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Nasa satellite falling back to earth this week

A Nasa satellite the size of a bus is expected to fall back to Earth on Friday – although scientists say they cannot predict where it will land.

Image: AP/Press Association Images

NASA HAS CONFIRMED that a dead satellite is to fall to Earth later this week – although scientists cannot say where it will land.

The 6.5-ton Upper Atmosphere Research Satellite, or Uars (measuring about the size of a bus) will shower debris as it re-enters the planet. Nasa scientists say that most of the pieces will be incinerated by the atmosphere, but have calculated that about 26 pieces will enter the Earth.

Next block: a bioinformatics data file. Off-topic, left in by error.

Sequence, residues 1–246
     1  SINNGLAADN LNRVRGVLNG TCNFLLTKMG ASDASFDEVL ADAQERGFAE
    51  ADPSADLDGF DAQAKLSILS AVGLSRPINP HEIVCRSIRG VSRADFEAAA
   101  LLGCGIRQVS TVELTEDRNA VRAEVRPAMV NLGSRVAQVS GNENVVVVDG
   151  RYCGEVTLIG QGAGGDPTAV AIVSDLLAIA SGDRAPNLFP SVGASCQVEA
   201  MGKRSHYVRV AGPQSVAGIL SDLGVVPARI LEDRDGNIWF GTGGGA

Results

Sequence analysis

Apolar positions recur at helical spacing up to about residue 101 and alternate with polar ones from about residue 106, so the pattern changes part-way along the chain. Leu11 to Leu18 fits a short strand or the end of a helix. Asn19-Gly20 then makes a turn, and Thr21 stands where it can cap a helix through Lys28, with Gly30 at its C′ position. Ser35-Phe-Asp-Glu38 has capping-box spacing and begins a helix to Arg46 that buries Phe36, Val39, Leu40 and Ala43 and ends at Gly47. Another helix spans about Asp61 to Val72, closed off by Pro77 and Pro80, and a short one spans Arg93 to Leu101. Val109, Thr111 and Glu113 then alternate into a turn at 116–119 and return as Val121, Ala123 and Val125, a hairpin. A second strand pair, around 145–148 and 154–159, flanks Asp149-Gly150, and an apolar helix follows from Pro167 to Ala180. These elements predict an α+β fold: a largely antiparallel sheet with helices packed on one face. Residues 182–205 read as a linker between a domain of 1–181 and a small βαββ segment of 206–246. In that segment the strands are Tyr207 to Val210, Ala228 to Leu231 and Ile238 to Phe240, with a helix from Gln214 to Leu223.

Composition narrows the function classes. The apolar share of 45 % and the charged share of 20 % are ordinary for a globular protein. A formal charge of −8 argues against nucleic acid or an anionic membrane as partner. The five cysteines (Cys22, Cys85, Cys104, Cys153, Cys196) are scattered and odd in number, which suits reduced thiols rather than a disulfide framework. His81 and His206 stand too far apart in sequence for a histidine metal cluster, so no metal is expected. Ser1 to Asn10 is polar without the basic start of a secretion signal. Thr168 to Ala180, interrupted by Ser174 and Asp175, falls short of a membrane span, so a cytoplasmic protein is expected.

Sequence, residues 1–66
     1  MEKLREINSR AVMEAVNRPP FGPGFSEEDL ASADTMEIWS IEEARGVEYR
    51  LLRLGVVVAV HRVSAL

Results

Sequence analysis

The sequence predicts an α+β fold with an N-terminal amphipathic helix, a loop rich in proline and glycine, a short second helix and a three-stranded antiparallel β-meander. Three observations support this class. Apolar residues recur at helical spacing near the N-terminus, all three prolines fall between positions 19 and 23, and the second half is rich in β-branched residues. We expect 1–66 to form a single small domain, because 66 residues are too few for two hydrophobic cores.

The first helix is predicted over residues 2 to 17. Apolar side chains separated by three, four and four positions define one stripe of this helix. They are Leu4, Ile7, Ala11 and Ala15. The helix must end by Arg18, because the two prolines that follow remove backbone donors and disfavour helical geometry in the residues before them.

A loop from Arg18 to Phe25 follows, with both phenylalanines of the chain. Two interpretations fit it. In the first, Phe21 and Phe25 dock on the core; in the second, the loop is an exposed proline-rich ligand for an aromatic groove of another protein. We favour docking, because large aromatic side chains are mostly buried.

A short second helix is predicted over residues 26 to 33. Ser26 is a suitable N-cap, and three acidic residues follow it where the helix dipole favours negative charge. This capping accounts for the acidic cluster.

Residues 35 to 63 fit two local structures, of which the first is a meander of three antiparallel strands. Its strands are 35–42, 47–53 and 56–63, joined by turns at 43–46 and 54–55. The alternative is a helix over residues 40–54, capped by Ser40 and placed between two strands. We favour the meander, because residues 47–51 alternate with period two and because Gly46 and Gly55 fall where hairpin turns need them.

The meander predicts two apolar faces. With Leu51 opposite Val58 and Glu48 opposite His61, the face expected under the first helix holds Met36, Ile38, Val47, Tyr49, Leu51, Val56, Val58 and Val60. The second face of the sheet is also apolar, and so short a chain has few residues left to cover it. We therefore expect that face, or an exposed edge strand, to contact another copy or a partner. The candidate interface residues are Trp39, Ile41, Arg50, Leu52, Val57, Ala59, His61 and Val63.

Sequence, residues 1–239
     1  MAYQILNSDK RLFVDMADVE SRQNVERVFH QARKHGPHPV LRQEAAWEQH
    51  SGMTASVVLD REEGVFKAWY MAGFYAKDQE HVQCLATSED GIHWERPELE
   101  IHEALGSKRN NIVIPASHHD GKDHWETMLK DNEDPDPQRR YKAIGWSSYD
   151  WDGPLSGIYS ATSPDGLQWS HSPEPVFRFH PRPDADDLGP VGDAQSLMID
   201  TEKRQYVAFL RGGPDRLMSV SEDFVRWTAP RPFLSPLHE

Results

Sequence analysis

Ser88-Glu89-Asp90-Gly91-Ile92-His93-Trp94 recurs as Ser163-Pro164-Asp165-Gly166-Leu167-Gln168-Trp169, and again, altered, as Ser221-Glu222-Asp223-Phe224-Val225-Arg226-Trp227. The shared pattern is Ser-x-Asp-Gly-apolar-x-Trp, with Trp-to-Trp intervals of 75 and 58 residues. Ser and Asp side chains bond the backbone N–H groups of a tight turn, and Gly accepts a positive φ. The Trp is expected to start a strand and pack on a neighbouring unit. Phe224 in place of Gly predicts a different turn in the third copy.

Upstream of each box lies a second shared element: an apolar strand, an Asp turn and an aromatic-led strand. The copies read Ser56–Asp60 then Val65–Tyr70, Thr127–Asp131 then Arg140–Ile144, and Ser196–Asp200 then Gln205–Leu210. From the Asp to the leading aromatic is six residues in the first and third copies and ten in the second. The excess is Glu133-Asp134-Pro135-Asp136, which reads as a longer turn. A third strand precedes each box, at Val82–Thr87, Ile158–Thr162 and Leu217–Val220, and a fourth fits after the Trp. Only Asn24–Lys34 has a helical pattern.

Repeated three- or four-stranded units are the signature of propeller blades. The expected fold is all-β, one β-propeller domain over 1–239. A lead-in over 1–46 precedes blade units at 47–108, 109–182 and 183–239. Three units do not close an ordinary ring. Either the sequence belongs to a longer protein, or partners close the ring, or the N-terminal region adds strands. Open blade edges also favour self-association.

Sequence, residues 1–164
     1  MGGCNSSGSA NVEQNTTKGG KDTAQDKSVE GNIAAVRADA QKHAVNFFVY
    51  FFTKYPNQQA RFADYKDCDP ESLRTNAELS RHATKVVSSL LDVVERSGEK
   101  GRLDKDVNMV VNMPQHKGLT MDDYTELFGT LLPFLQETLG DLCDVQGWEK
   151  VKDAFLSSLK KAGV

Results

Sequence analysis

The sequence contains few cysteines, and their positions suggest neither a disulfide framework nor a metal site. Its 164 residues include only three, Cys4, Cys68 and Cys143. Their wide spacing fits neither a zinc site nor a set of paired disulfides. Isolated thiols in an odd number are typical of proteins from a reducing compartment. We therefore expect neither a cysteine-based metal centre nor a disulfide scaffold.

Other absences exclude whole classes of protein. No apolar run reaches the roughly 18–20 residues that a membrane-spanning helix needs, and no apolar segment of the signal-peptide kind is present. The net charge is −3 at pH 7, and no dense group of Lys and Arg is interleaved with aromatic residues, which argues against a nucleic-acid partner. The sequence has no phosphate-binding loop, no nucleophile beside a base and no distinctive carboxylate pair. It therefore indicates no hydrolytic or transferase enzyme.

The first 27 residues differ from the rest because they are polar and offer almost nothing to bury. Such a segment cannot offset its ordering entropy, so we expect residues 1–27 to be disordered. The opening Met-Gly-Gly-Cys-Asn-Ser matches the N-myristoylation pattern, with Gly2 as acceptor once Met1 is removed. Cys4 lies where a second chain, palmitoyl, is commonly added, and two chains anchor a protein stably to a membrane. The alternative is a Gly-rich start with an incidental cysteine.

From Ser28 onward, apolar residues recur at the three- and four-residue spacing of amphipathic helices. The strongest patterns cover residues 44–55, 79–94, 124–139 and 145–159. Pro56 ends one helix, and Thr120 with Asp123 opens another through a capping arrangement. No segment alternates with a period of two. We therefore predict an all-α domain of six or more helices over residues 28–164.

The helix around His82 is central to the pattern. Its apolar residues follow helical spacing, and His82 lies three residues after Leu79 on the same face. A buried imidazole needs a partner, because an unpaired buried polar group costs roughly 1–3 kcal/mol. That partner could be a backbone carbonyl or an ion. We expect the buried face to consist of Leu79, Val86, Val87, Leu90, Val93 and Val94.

Scientists believe that Uars will fall to Earth on Friday.

The satellite completed its mission in 2005 and has been gradually losing altitude since then, Reuters reports.

The odds of it hitting someone anywhere on the planet are 1 in 3,200. The heaviest piece to hit the ground will be about 350 pounds but, Nasa has pointed out, no-one has ever been hit by falling space junk in the past.

It thought that the debris will most likely fall into the ocean or an uninhabited region, the Telegraph reports.

See updates on the Nasa website, here>

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